• 90 degree flip angle will give
most signal (ideal case)
α
B1
• Typical strength is
B1 = 2 x 10-5 T
• Typical 90 degree tip takes
about 300 ms
Courtesy Luis Hernandez
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What next?  Relaxation
Excitation
z
v(t)
v(t)
M
B
M
y
w0
x
Spins “relax” back to their equilibrium state
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Relaxation
• The system goes back to its equilibrium
state
• Two main processes:
– Decay of traverse (observable) component
– Recovery of parallel component
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T1 - relaxation
• Longitudinal magnetization (Mz) returns to
steady state (M0) with time constant T1
• Spin gives up energy into the surrounding
molecular matrix as heat
• Factors
–
–
–
–
–
–
–
Viscosity
Temperature
State (solid, liquid, gas)
Ionic content
Bo
Diffusion
etc.
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T1 Recovery
• Tissue property (typically 1-3 seconds)
• Spins give up energy into molecular matrix
• Differential Equation:
(M z  M 0 )
dM z

dt
T1
Mz
M0
t
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T2 - relaxation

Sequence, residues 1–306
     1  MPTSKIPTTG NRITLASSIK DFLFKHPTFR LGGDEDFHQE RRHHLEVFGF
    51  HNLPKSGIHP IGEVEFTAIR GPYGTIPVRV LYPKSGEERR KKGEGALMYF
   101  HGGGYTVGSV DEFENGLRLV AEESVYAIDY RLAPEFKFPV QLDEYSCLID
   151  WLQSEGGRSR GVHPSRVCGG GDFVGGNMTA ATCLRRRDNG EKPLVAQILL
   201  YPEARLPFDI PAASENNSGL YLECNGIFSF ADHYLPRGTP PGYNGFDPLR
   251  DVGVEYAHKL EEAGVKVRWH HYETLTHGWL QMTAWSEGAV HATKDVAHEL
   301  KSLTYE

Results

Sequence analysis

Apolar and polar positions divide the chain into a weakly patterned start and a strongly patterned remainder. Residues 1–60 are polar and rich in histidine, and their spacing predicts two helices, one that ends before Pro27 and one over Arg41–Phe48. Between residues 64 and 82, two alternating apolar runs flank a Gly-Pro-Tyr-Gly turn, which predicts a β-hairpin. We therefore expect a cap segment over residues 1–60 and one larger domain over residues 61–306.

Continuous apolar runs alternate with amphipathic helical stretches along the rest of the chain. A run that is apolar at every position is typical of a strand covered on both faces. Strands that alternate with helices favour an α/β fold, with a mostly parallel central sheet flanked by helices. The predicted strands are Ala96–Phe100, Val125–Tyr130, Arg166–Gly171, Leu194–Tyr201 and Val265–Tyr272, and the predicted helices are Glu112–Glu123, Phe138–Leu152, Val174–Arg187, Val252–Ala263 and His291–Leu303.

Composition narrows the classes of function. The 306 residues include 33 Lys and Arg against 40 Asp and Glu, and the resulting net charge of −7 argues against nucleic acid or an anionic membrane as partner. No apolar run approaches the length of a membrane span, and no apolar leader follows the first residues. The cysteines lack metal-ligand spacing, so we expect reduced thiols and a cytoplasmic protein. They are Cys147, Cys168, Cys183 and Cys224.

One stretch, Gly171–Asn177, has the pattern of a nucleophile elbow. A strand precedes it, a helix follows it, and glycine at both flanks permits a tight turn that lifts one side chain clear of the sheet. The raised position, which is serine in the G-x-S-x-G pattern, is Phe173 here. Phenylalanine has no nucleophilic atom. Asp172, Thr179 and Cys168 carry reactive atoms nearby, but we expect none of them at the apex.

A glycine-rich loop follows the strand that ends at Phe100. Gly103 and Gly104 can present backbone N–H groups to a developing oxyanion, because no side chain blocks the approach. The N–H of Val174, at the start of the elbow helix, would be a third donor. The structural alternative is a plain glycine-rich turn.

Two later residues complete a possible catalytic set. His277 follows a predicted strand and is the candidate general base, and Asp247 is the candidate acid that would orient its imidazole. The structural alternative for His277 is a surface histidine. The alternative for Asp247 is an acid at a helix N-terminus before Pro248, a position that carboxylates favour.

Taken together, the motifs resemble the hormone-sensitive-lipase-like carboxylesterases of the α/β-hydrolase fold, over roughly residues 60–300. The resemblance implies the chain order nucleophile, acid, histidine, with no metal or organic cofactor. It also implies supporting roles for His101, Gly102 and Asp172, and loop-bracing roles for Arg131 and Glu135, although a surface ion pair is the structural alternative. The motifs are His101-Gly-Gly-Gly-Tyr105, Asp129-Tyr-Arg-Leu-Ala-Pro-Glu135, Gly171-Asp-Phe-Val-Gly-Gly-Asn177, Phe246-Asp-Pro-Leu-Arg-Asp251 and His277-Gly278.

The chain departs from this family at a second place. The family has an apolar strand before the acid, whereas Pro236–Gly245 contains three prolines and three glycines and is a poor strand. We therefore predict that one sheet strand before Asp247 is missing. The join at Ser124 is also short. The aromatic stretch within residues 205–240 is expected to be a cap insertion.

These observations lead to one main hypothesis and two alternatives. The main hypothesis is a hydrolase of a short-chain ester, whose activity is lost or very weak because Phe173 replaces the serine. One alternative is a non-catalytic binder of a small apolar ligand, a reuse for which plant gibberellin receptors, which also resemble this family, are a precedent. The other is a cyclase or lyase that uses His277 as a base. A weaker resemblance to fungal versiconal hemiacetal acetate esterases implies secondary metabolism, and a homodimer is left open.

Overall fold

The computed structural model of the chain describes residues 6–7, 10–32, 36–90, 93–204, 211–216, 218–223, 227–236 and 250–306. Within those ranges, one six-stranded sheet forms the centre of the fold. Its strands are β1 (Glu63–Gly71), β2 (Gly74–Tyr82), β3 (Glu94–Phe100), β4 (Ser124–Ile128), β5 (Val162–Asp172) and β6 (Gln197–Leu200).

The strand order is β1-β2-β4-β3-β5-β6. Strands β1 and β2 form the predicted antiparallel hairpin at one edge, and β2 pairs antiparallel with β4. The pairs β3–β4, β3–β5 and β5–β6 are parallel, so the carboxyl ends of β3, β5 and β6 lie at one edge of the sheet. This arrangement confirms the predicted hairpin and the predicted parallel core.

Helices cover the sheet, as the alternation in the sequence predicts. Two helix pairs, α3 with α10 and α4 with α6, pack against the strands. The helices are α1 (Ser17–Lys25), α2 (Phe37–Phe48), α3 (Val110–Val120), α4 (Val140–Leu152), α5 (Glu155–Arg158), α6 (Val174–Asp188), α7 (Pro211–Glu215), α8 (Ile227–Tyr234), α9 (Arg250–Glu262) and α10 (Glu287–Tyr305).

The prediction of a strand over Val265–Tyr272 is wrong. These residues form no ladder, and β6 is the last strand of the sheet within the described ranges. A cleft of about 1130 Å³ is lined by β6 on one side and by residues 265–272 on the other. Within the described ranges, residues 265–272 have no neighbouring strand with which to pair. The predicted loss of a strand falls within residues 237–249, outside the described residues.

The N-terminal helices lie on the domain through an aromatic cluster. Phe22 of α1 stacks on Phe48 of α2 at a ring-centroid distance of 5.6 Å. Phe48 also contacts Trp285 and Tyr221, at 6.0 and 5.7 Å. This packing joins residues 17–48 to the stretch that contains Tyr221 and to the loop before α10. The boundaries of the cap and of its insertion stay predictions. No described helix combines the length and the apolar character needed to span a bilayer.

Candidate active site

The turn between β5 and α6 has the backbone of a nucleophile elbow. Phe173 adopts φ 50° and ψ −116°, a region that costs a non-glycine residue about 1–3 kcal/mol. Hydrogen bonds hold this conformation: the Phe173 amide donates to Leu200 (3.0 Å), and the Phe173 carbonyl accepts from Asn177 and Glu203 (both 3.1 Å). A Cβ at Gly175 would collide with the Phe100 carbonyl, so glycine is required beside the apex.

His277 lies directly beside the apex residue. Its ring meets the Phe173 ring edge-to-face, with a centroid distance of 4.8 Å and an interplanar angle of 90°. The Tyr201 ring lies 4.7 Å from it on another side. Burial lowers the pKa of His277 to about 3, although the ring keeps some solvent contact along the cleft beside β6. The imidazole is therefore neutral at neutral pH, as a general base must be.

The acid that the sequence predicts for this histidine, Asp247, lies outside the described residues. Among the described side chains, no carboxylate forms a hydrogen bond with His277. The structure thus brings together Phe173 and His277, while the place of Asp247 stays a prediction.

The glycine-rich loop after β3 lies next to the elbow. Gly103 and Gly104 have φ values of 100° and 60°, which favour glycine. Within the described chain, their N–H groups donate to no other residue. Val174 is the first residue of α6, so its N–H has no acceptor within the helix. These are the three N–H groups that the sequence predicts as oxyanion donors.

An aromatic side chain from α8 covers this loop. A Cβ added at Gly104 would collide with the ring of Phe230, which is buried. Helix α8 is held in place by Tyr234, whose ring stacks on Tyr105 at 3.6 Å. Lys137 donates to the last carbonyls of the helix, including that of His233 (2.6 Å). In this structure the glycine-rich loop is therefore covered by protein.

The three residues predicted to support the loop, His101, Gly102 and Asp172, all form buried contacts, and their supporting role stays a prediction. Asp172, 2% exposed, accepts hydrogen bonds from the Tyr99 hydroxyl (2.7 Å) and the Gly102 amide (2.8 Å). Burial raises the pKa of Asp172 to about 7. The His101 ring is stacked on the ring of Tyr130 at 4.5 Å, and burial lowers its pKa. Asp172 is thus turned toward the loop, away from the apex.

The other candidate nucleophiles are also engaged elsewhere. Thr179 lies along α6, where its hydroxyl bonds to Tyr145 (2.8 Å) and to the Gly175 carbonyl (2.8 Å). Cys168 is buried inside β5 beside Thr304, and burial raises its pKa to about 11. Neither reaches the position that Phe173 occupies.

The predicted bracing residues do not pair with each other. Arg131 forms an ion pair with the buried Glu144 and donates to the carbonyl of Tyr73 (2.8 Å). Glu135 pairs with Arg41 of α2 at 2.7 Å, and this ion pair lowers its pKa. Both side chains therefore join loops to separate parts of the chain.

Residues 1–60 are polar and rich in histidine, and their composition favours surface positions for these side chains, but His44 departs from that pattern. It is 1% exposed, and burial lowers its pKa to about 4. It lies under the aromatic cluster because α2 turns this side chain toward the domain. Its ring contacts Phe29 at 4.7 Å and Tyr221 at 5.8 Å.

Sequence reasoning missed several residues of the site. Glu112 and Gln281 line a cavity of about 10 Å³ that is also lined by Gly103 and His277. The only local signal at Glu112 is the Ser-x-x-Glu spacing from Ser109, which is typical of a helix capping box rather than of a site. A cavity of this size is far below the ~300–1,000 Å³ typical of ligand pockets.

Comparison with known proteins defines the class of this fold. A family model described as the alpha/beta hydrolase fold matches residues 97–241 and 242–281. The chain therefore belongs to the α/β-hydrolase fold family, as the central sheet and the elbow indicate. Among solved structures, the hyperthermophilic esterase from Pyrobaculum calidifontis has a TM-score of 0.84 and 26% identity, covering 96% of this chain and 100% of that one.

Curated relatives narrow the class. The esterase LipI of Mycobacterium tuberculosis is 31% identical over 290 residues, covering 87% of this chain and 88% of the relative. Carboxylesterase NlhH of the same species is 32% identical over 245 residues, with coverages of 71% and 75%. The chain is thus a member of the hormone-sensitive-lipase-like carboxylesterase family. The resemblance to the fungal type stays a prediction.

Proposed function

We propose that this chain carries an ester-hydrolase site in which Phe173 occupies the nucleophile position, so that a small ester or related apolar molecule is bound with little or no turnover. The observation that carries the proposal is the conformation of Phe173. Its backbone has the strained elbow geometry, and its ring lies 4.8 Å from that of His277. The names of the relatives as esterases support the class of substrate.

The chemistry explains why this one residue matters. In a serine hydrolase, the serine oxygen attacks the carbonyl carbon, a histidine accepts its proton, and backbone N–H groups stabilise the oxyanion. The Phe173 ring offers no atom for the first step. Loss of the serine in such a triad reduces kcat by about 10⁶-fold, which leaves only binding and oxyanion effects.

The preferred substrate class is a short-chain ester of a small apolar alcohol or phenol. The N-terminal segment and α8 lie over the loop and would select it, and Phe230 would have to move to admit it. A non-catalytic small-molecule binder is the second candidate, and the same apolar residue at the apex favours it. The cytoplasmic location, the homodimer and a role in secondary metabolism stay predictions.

• Transverse magnetization (Mxy) decay
towards 0 with time constant T2
• Factors
– T1 (T2  T1)
– Phase incoherence
» Random field fluctuations
» Magnetic susceptibility
» Magnetic field inhomogeneities (RF, B0, Gradients)
» Chemical shift
» Etc.
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T2 Decay
• Tissue property (typically 10’s of ms)
• Spins dephase relative to other spins
• Differential Equation:
dM xy
dt

M xy
Mxy
T2
t
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Steps in an MRI Experiment
0.
1.
2a.
2b.
3.
Object goes into B0
Excitation
T2 Relaxation (faster)
T1 Relaxation (slower)
Back to 1.
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Excitation
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Relaxation
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Resting State
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Excitation
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Excitation
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T2 Relaxation
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T2 Relaxation
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T2 Relaxation
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T1 Relaxation
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T1 Relaxation
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T1 Relaxation
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Typical T1’s, T2’s, and Relative “Spin
Density” for Brain Tissue at 3.0 T
Distilled Water
CSF
Gray matter
White matter
Fat
T1 (ms )
T2 (ms)
3000
3000
1330
830
150
3000
300
110
80
35
R
1
1
0.95
0.8